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Evan Bliss is a singer-songwriter who's a native of Bethesda, Maryland, a holder of several single-season and career lacrosse records at Kenyon College, and the former frontman of DC reggae rockers The Low Life. Evan celebrates the release of his new solo record, ShhhPOW, at the Hard Rock Cafe this Thursday, March 18, at 8:30 pm ($10 cover). A portion of the proceeds from the sale of the album will be donated to benefit the Holster Project, a philanthropic initiative of Evan's label Holster Records.
In addition to readying his new album, Evan's been busy in the world of extreme sports. His music has been featured in ads for Reef, a leading maker of surf-inspired footwear, and he and his band were recognized as a local band to watch on the Baltimore stop of the Mountain Dew Action Sports Tour, a nationwide extreme sports summer tour.
I interviewed Evan for the blog, and he was gracious enough to provide MetroMusicScene readers with an exclusive first look at a track from ShhhPOW.
MP3: Big Decisions, Little Things - Evan Bliss
Evan, why don’t you tell us where you came up with the name of your new album, ShhhPOW? What is the central theme or message of the album?
Initially I was searching for something profound, a title that could end hunger or make rockets explode with jellybeans, but I had nothing. So I named it ShhhPOW, because the album is part Shhh and part POW, and it's fun to say out loud or to yourself.
I know it’s probably a bit like asking a father to pick his favorite child, but what’s your favorite track from ShhhPOW? Why?
It'd be easier to pick a favorite child. Sonically I love them all for different reasons depending on mood or present company. The bonus track, Pula Aena, stands out for me because it was a live performance at Sirius/XM Studios with The African Children's Choir. Not only were they unbelievable singers and amazing kids, but they learned a song I wrote for my brother in only a couple days while touring the east coast. Emotionally overwhelming in the best way imaginable.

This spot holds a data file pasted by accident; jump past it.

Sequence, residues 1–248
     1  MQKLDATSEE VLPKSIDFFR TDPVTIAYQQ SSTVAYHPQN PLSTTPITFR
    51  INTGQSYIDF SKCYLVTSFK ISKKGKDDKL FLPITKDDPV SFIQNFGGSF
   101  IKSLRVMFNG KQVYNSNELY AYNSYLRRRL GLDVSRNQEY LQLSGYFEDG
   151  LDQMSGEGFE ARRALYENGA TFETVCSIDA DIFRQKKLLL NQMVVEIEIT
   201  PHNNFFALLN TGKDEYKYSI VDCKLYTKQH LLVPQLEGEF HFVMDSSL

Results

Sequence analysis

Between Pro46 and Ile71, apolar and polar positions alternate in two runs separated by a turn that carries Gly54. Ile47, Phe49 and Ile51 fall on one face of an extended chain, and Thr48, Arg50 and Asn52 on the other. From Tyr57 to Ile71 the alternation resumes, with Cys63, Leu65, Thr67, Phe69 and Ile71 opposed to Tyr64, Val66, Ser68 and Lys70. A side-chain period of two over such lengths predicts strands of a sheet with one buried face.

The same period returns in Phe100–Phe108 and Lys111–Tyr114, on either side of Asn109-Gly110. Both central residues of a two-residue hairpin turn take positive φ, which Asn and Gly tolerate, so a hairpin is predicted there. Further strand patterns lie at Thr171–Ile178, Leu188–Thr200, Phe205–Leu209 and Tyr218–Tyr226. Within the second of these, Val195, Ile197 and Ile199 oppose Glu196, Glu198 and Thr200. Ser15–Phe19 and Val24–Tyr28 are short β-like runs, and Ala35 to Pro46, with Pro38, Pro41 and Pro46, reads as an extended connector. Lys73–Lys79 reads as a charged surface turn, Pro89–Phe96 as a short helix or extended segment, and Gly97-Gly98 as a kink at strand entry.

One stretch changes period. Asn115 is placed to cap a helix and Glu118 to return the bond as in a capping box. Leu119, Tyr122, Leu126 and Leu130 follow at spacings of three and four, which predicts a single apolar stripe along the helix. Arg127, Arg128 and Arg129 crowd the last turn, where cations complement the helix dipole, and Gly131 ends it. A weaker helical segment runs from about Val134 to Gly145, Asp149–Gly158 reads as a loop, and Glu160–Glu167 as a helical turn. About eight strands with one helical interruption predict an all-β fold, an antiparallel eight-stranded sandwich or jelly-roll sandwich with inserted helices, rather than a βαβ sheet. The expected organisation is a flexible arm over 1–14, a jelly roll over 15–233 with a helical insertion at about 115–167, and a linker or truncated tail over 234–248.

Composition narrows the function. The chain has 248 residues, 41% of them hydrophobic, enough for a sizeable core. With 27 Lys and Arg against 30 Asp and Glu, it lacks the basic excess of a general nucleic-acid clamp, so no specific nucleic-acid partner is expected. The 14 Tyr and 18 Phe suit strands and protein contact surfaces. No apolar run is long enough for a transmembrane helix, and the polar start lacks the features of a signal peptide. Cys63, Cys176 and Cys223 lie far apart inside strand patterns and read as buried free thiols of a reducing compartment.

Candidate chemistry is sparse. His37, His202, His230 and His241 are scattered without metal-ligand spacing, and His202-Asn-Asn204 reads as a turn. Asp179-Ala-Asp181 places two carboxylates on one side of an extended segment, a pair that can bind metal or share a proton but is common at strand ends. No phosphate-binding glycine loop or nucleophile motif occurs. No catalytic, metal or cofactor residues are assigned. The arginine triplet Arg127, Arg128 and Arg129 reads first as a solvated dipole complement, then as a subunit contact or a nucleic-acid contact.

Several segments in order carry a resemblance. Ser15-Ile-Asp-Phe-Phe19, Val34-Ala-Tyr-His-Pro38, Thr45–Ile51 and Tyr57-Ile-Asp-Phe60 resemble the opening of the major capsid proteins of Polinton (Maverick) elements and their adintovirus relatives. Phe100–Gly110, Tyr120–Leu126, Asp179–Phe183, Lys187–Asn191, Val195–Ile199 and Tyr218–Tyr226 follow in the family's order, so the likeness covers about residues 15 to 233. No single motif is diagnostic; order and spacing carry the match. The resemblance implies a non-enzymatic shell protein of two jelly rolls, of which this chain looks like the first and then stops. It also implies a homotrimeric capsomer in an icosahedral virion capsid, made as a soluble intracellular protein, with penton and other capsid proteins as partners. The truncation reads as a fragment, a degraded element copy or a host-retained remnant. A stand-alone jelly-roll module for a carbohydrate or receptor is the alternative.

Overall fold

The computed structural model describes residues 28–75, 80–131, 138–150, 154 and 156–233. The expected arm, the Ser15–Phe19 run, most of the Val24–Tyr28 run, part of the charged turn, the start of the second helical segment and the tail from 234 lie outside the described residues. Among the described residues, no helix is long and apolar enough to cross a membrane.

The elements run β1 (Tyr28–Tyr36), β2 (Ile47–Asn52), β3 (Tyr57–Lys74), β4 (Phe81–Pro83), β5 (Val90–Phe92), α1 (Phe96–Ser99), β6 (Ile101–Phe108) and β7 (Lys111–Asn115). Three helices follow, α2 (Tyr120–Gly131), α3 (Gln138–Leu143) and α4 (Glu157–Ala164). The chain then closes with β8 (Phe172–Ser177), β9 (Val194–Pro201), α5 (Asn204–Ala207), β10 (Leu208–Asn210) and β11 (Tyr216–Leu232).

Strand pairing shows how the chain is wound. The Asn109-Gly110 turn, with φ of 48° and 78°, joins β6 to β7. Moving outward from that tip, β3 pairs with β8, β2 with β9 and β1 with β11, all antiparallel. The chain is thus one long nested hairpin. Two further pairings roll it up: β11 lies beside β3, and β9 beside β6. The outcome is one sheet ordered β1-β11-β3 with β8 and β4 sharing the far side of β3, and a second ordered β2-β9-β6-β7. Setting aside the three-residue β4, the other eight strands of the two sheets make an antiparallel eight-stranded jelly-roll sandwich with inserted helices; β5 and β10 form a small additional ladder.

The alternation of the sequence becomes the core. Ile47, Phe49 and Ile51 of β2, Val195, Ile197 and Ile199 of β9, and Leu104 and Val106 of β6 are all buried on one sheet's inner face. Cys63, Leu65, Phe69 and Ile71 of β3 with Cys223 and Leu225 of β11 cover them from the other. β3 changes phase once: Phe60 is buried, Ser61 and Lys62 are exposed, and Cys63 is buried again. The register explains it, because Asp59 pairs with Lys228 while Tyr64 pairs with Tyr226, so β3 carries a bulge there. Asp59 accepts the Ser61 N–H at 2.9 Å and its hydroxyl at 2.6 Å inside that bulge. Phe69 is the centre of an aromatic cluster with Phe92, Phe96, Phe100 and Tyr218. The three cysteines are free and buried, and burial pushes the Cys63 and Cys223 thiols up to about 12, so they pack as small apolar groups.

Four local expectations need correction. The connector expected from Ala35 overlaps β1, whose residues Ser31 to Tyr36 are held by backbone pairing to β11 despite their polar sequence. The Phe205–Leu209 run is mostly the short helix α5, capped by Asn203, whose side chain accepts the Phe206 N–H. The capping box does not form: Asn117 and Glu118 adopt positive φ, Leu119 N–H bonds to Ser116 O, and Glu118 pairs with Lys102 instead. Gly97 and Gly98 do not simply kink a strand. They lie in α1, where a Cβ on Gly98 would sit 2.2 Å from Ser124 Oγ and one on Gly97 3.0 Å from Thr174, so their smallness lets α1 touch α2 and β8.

What are the similarities you see in your music now and the music you performed with The Low Life? What do you see as being different from that music?
Both sounds are heavily reliant on vocal harmony and percussive rhythms, but The Low Life was a rock reggae band with external influences, whereas ShhhPOW's sound is more a rock band with external influences, one of them being reggae, if that makes any sense.
Frank Sinatra was known as an “athletic” singer, doing breath-holding exercises underwater to improve his breathing ability while singing. You were a college lacrosse player at Kenyon. Tell me about how your athletic experience informs your music.
Didn't know that about Sinatra, I just heard he used to pay a guy to wake him up from his cat naps so he could stay out partying all night. I heard the wrong story I guess. Music is much more physical than people realize and having an athletic background taught me focus when the stamina starts to fade. If you lose focus because you're tired in the studio you miss changes or timing and ruin takes, and on stage you risk sounding and looking like an idiot. The central union between band and sport is team. Everyone is performing different tasks to attain a shared goal. Plus there's lots of yelling and butt slapping, and I couldn't give that up.